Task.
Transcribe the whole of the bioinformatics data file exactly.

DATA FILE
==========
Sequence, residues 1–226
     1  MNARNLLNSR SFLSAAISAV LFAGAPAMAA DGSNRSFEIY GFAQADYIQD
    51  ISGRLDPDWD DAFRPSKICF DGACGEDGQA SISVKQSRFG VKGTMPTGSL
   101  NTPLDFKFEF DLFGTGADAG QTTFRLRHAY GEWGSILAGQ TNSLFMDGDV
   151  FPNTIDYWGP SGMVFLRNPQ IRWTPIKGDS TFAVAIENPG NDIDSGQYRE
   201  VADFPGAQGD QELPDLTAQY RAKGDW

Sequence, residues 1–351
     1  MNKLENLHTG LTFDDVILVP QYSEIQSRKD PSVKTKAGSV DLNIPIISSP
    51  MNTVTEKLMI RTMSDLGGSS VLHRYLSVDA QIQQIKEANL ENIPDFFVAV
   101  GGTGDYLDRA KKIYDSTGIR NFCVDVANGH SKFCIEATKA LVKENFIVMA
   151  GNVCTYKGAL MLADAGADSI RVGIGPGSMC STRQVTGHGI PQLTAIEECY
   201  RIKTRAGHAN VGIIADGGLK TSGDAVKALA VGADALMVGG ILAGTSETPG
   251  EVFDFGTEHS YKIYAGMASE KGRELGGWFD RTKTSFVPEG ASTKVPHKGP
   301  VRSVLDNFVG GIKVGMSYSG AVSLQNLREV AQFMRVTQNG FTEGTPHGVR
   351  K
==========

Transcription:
Sequence, residues 1–226
     1  MNARNLLNSR SFLSAAISAV LFAGAPAMAA DGSNRSFEIY GFAQADYIQD
    51  ISGRLDPDWD DAFRPSKICF DGACGEDGQA SISVKQSRFG VKGTMPTGSL
   101  NTPLDFKFEF DLFGTGADAG QTTFRLRHAY GEWGSILAGQ TNSLFMDGDV
   151  FPNTIDYWGP SGMVFLRNPQ IRWTPIKGDS TFAVAIENPG NDIDSGQYRE
   201  VADFPGAQGD QELPDLTAQY RAKGDW

Sequence, residues 1–351
     1  MNKLENLHTG LTFDDVILVP QYSEIQSRKD PSVKTKAGSV DLNIPIISSP
    51  MNTVTEKLMI RTMSDLGGSS VLHRYLSVDA QIQQIKEANL ENIPDFFVAV
   101  GGTGDYLDRA KKIYDSTGIR NFCVDVANGH SKFCIEATKA LVKENFIVMA
   151  GNVCTYKGAL MLADAGADSI RVGIGPGSMC STRQVTGHGI PQLTAIEECY
   201  RIKTRAGHAN VGIIADGGLK TSGDAVKALA VGADALMVGG ILAGTSETPG
   251  EVFDFGTEHS YKIYAGMASE KGRELGGWFD RTKTSFVPEG ASTKVPHKGP
   301  VRSVLDNFVG GIKVGMSYSG AVSLQNLREV AQFMRVTQNG FTEGTPHGVR
   351  K